Street Fighter is a 1987 arcade game developed by Capcom. It is the first competitive fighting game produced by the company and the inaugural game in the Street Fighter series. While it did not achieve the same worldwide popularity as its sequel Street Fighter II when it was first released, the original Street Fighter introduced some of the conventions made standard in later games, such as the six button controls and the use of command based special techniques.
The player competes in a series of one-on-one matches against a series of computer-controlled opponents or in a single match against another player. Each match consists of three rounds in which the player must defeat an opponent in less than 30 seconds. If a match ends before a fighter is knocked out, then the fighter with the greater amount of energy left will be declared the round's winner. The player must win two rounds in order to defeat the opponent and proceed to the next battle. If the third round ends in a tie, then the computer-controlled opponent will win by default or both players will lose. During the single-player mode, the player can continue after losing and fight against the opponent they lost the match to. Likewise, a second player can interrupt a single-player match and challenge the first player to a new match.
In the deluxe version of the arcade game, the player's controls consist of a standard eight-way joystick, and two large, unique mechatronic pads for punches and kicks that returned an analog value depending on how hard the player actuated the control. An alternate version was released that replaces the two punching pads with an array of six attack buttons, three punch buttons and three kick buttons of different speed and strength (Light, Medium and Heavy).
The player uses the joystick to move towards or away from an opponent, as well to jump, crouch and defend against an opponent's attacks. By using the attack buttons/pads in combination with the joystick, the player can perform a variety of attacks from a standing, jumping or crouching positions. There's also three special techniques which can only be performed by inputting a specific series of joystick and button inputs. These techniques are the 'Psycho Fire', the 'Dragon Punch' and the 'Hurricane Kick'. Unlike the subsequent Street Fighter sequels and other later fighting games, the specific commands for these special moves are not given in the arcade game's instruction card, which instead encouraged the player to discover these techniques on their own.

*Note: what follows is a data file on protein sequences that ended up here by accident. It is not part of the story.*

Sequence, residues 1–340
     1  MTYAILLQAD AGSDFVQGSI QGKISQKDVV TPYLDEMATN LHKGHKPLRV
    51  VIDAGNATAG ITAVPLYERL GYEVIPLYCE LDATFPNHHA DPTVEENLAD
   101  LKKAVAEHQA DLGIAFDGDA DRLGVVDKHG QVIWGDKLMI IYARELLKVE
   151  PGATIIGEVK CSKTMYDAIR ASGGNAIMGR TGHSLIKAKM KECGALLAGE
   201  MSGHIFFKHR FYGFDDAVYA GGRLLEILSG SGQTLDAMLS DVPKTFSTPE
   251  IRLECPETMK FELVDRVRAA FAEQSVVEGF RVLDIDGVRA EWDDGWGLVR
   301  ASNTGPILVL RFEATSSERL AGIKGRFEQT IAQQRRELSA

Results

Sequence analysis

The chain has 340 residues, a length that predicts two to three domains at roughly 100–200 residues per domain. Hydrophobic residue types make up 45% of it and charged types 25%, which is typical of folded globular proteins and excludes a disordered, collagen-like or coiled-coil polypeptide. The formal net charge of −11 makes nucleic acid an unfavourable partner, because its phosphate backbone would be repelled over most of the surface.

This version of Street Fighter was designed for personal computers with operating system MS-DOS (Microsoft Disk Operating System),
which was operating system developed by Microsoft in 1981. It was the most widely-used operating system in the first half of the 1990s. MS-DOS was supplied
with most of the IBM computers that purchased a license from Microsoft. After 1995, it was pushed out by a graphically more advanced system - Windows and
its development was ceased in 2000. At the
time of its greatest fame, several thousand games designed specifically for computers with this system were created. Today, its development is no longer continue
and for emulation the free DOSBox emulator is most often used. More information about MS-DOS operating system can be found
Available online emulators:
5 different online emulators are available for Street Fighter. These emulators differ not only in the technology they use to emulate old games, but also in support of various game controllers, multiplayer mode, mobile phone touchscreen, emulation speed, absence or presence of embedded ads and in many other parameters. For
maximum gaming enjoyment, it's important to choose the right emulator, because on each PC and in different Internet browsers, the individual emulators behave differently. The basic
features of each emulator available for this game Street Fighter are summarized in the following table:
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